Tanya Gold ‘W hen Brooklyn Beckham wears a new outfit we get telephone calls asking who designed it,’ says Dina Kingsman, the head buyer at the Harrods Baby Department....

Page 46

Rich pickings

The Spectator

Clarke Hayes Y ears ago, when I got my first allotment, friends and acquaintances used to vie and jostle for invitations to dinner, or a barbeque, especially during the summer...

Page 47

The world’s best concierge

The Spectator

Mark Palmer W e’ve just returned from a short break in Taormina, Sicily, and the person who made our trip so memorable was a tall, wiry man called Steven Ceschia. He’s not...

Page 48

A cut above

The Spectator

Anna Arco I t’s a curious fact about 21st-century England that as we get more and more uppity about animal rights, so blood sports (especially pheasant shooting) become more...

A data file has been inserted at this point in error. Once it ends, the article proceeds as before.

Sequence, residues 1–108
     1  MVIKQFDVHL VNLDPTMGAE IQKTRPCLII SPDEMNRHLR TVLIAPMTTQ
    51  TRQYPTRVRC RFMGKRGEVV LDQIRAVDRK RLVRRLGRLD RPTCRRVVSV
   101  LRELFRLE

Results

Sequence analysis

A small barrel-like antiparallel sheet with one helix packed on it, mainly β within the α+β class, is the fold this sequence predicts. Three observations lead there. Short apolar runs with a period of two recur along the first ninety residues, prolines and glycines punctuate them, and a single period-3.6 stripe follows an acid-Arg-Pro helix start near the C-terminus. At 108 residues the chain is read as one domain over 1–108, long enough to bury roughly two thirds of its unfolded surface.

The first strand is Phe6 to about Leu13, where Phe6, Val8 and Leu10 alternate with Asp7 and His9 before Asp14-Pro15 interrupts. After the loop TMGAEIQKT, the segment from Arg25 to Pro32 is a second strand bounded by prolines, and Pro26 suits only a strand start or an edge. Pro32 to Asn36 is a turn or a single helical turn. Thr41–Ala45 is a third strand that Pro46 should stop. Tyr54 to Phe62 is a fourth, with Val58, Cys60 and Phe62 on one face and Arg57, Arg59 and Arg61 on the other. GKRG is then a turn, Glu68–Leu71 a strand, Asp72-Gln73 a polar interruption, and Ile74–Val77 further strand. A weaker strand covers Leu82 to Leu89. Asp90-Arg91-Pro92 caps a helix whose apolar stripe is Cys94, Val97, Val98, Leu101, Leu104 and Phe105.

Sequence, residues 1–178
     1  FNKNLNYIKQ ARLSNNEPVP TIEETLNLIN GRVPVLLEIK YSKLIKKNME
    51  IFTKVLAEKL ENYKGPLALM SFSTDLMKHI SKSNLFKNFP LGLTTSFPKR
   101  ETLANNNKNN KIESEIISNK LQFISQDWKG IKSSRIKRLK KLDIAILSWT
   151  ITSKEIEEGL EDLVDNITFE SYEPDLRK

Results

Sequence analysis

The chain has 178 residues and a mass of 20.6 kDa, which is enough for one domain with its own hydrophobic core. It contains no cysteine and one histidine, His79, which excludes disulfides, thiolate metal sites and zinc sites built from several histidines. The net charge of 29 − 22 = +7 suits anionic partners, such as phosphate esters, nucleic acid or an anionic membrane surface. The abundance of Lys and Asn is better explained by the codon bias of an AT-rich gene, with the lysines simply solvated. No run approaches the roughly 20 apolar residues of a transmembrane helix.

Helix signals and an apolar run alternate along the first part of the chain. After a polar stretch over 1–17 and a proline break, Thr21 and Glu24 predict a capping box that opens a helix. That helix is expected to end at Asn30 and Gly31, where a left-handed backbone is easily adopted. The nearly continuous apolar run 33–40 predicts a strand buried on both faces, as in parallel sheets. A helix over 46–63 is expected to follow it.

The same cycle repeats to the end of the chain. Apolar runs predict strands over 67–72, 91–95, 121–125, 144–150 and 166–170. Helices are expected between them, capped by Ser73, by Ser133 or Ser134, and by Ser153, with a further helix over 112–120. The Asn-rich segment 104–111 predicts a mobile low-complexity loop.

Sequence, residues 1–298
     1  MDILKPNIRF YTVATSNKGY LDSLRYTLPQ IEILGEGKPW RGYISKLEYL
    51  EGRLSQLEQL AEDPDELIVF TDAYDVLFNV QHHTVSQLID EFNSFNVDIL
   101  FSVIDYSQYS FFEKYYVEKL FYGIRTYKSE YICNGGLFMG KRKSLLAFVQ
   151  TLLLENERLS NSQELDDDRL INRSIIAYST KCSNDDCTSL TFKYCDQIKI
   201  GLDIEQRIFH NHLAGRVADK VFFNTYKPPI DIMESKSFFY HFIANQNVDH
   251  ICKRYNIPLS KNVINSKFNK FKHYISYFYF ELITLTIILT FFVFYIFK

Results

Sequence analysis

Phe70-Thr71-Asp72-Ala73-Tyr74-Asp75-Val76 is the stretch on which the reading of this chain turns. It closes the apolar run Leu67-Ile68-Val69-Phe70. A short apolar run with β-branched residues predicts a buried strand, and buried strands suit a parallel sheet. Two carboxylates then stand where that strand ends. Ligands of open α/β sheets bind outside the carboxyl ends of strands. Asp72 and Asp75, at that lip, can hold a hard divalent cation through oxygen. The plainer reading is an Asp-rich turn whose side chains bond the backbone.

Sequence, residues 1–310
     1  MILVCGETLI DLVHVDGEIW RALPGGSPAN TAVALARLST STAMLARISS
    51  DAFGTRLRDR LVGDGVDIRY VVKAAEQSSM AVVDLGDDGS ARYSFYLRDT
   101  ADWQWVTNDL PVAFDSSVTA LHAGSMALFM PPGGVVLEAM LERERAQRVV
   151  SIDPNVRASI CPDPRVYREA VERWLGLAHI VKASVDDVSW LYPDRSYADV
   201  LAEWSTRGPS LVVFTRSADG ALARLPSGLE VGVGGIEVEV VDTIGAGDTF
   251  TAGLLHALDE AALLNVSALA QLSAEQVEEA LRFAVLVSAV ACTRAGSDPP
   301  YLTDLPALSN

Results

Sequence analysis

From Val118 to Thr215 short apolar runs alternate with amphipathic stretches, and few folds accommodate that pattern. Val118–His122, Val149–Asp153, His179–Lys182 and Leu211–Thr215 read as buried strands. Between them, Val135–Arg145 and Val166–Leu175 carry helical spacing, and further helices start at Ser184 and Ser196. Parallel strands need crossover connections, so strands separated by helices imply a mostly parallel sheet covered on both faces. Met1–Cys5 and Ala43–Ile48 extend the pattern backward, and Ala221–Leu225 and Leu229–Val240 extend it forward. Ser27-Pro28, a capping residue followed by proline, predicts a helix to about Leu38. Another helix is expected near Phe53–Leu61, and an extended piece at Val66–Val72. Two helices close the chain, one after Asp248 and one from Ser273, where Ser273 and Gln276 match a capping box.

Page 50

The visit

The Spectator

Clarissa Tan I wish to write about a place of which I know everything yet nothing, where everything is familiar yet strange, a place where I feel I go too often, but never...

Page 53

A change of weather

The Spectator

Philip Hensher A USTERITY B RITAIN , 1945-51 by David Kynaston Bloomsbury, £25, pp. 692, ISBN 9780747579854 ✆ £20 (plus £2.45 p&p) 0870 429 6655 O ne day in July 1945, a...

Page 54

Challenging the Kremlin

The Spectator

Andrew Taylor T HE L ITVINENKO F ILE by Martin Sixsmith Macmillan, £16.99, pp. 311, ISBN 9780230531543 ✆ £13.59 (plus £2.45 p&p) 0870 429 6655 B LOWING U P R USSIA by...

Page 55

The plot thickens

The Spectator

Leanda de Lisle T HE N OBLE R EVOLT : T HE O VERTHROW OF C HARLES I by John Adamson Orion, £25, pp. 742, ISBN 9780297842621 ✆ £20 (plus £2.45 p&p) 0870 429 6655 J ohn...